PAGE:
Early Russian History. Key Issues. Гончарова Л.Ю. - 9 стр.

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5. What is the core of the scientific debate as to Kievan statehood? What are
the general criteria of a state? Does Kiev match them, from your point of view?
Chapter 2
THE CHRISTIANISATION OF RUSSIA
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Few institutions have been as persistent and constant in their influence upon
people as the church and the system of beliefs and customs which it preaches and
practices. This propensity for religious beliefs seems to be anchored in the inner
recesses of the human psyche. Whether you call this the divine spark in man or
superstition does not matter. The fact is that religion is something indestructible in
human nature and in human history.
After more than 70 years of Soviet rule and the propagation of atheism, the
Russian Church still exists and there are no signs of immanent death. No history of
Russia, therefore, would be complete or even meaningful without due consideration
of the formative influence of religion and the church, particularly in its early history.
Christianity and Russia before the Conversion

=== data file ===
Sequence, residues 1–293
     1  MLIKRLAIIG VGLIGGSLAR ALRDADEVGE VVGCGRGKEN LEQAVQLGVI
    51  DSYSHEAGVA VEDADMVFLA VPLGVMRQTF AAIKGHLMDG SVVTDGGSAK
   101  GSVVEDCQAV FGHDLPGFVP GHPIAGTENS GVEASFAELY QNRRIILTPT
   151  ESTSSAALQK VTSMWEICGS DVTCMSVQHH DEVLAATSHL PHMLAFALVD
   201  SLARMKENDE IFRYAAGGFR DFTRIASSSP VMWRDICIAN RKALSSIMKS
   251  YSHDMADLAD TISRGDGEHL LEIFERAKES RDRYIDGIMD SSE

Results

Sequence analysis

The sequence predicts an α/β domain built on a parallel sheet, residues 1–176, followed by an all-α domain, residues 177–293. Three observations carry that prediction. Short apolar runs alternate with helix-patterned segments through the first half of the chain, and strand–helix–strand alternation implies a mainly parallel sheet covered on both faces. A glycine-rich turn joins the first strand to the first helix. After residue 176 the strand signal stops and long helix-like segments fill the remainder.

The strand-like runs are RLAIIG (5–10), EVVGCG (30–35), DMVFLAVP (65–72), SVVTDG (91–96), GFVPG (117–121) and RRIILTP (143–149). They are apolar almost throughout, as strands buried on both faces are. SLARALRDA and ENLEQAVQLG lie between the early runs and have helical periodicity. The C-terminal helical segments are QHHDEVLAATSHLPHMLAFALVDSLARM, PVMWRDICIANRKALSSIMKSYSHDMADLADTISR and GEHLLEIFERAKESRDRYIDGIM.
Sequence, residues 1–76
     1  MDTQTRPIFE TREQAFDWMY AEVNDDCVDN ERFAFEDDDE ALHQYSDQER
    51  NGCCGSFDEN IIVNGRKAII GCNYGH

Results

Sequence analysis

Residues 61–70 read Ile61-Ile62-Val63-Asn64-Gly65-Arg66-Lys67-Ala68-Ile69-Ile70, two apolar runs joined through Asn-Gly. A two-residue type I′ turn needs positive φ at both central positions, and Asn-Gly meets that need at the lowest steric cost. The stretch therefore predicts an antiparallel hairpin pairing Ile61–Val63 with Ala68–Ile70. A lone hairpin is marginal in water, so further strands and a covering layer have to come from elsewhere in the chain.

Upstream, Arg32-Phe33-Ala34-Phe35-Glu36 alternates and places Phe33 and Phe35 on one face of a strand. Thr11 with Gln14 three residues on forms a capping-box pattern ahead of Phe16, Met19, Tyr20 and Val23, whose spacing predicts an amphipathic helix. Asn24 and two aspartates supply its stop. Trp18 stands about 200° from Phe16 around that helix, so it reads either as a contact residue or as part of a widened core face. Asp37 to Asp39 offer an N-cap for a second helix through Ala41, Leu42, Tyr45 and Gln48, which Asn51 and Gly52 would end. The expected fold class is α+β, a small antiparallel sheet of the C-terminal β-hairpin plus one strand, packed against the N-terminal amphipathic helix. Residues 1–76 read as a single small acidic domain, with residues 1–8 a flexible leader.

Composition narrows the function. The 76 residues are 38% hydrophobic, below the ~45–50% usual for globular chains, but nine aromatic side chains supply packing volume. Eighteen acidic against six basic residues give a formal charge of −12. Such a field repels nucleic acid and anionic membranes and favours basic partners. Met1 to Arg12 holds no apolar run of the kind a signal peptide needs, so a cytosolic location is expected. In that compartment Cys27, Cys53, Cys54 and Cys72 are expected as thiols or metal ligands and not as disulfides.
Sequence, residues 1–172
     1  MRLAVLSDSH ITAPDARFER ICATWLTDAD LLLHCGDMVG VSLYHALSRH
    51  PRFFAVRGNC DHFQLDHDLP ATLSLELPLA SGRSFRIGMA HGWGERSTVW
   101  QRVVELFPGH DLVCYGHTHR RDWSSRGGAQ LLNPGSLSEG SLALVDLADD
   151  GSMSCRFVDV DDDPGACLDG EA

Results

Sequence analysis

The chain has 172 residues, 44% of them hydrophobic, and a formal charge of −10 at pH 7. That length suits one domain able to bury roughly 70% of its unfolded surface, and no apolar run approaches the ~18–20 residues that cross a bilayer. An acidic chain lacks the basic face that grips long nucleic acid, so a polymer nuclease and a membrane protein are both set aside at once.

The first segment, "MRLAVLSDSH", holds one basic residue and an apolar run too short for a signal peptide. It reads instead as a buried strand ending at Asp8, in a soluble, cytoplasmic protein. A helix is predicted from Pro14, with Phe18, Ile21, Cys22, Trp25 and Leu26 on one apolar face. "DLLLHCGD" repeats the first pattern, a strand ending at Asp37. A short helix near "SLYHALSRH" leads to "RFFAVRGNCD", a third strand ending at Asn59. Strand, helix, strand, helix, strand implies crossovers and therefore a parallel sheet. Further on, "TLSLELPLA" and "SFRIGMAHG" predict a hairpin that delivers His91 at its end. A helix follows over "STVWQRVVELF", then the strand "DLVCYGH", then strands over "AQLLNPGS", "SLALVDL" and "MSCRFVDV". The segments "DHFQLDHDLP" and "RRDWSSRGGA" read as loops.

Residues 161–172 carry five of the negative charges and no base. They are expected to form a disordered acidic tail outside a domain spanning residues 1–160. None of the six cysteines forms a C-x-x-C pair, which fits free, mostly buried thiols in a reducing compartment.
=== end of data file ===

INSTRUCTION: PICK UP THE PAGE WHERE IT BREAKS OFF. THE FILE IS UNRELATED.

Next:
Prior to their conversion, the eastern Slavs were heathen and worshipped crude
images representing the forces of nature. It is likely that Christianity was known in
the territory of future Russia in the ninth century and perhaps earlier. The Grand
Duchess Olga became a Christian in the middle of the tenth century. By that time
many Russians, Varangians, as well as Slavs, had probably received baptism. The
intimate trade contacts with Constantinople, by which scores of merchants annually
visited the Byzantine capital marveled at the splendor of its churches, was responsible
for many conversions.
Indeed, this trade contact paved the way for the eventual acceptance of
Christianity by Kiev. Byzantine colonies in the Crimea - the Eastern Empire as
successor to Rome had fallen heir to the Greek towns in the peninsula - brought
Russians in contact with Christianity. The Slavs of Moravia and of Galicia, with
whom Kiev maintained trade contacts, had long been Christian and the Bulgars had
been won over by 864. Missionaries from Moravia and Constantinople had appeared
in Kiev even before it was seized by Oleg, Olga's predecessor.
Whether Oleg and Igor ever considered accepting Christianity is uncertain.
There was good reason why they should not accept it. That reason lay in the fact that
converts to the church headed by the patriarch of Constantinople must accept the
authority of the patriarch in religious matters and at the same time the eastern
emperor insisted upon recognition of his authority over the new converts in political
matters. Whenever a pagan nation in the East accepted the new faith, there arose this